If you haven't yet braved the cold winter nights to see the green comet currently in the night sky, this week might be your best chance.
Comet C/2022 E3 (ZTF) will be positioned close to Mars in the Taurus constellation, making it easier to locate as it dims as it speeds away from Earth. The comet will appear beside the Red Planet from Feb. 9 through Feb. 14, after which it will begin approaching the Orion and Eridanus constellations. For viewers in the continental United States, Mars is positioned high in the night sky roughly an hour after sunset this month, making the comet primed for early evening viewing.
If skies aren't clear in your area or you aren't able to make it outside to see comet C/2022 E3 (ZTF) as it nears Mars, you still have a great opportunity to view this celestial spectacle. The Virtual Telescope Project is hosting a free telescope livestream of the comet's Red Planet approach on the project's website (opens in new tab) and YouTube channel (opens in new tab). The livestream will begin on Saturday (Feb. 11) at 2:00 p.m. EST (1900 GMT).
Related: Green comet flaunts its tail in dazzling deep space photo
Read more: How to view and photograph comets
Looking for a telescope to see comet C/2022 E3 (ZTF) near Mars? We recommend the Celestron Astro Fi 102 (opens in new tab) as the top pick in our best beginner's telescope guide.
For skywatchers who want to get a good look at the comet in person, Mars offers a great reference point for locating this "messenger from the outermost reaches of our solar system." Throughout February, the Red Planet is between magnitude -0.2 and +0.4, making it not too difficult to spot in most areas without significant light pollution.
Aside from Mars, Venus and Jupiter are positioned well in the early evening sky for viewing as well. Be sure to see our guide on the brightest planets in February's night sky and how to see them to soak up our solar system neighbors throughout the month.
Mars is located high overhead around 7:00 p.m. local time throughout the month near the Auriga and Taurus constellations. If you aren't familiar with how the planet appears in the sky, there are a large number of popular stargazing apps available for mobile devices that can help you locate the comet, Mars and nearby constellations.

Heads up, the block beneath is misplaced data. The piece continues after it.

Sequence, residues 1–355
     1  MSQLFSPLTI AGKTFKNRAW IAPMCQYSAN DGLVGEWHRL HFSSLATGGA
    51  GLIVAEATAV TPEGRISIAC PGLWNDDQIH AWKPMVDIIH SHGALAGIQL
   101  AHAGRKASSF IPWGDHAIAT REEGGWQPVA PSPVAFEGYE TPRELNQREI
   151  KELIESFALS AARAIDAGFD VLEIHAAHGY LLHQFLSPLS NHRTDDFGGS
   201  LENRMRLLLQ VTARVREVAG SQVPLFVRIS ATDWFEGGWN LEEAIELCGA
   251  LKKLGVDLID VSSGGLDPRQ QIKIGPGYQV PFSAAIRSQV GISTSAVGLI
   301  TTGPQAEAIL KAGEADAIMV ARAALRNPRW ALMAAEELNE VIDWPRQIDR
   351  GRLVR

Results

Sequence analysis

Read more: Best stargazing apps: AR apps and virtual star maps to help you navigate the night sky
The comet is growing more distant, but it's still visible in the night sky through binoculars and certainly through a telescope. On Tuesday (Feb. 7), I was able to just barely make out the comet with my unaided eye after allowing my eyes time to adjust and first locating it through my grab-and-go 4.5-inch (11.4 centimeters) tabletop reflector telescope. Through the telescope, the comet's nucleus and cloudy green coma were easy to discern at 35x magnification; your results will vary depending on the seeing conditions in your area.
Just keep in mind that the stunning full-color pictures you see online of the comet were taken with top-notch astrophotography equipment and are usually the result of multiple long exposures stacked together and processed using dedicated astrophotography software. The views through a telescope or pair of binoculars won't be as breathtaking on their own, but they still offer a chance to see this visitor before it potentially leaves our solar system forever.
According to Geza Gyuk (opens in new tab), an astronomer at the Adler Planetarium in Chicago, for comets like C/2022 E3 (ZTF) that have highly elliptical orbits, "it is very easy for them to have their orbit perturbed, thus making them leave the solar system entirely."
If you're hoping to catch C/2022 E3 (ZTF) as it approaches Mars in the night sky, our guides for the best telescopes and best binoculars are a great place to start. If you're looking to snap photos of the green comet, check out our guide on how to view and photograph comets, as well as our best cameras for astrophotography and best lenses for astrophotography.
Don't miss your chance to get a glimpse of this interloper before it speeds away. Clear skies!
Editor's Note: If you snap C/2022 E3 close to Mars and would like to share it with Space.com's readers, send your photo(s), comments, and your name and location to email@example.com.
Follow Brett on Twitter at @bretttingley (opens in new tab). Follow us @Spacedotcom (opens in new tab), or on Facebook (opens in new tab) and Instagram (opens in new tab).
Do better space.com, encourage views of a spectacular comet without adding to the nonsense coming from those who have no idea what comets really look like and their "rarity" hypes for clicks.
We who are astronomy enthusiasts (hopefully including you space.com authors and editors) know comets cores generally turn green as they approach the sun (as has every comet I've ever photographed) and a large number of catalogued comets are non periodic and have multi thousand year orbits. Otherwise you are perpetuating the hype and it might as well be a rare black and white striped zebra.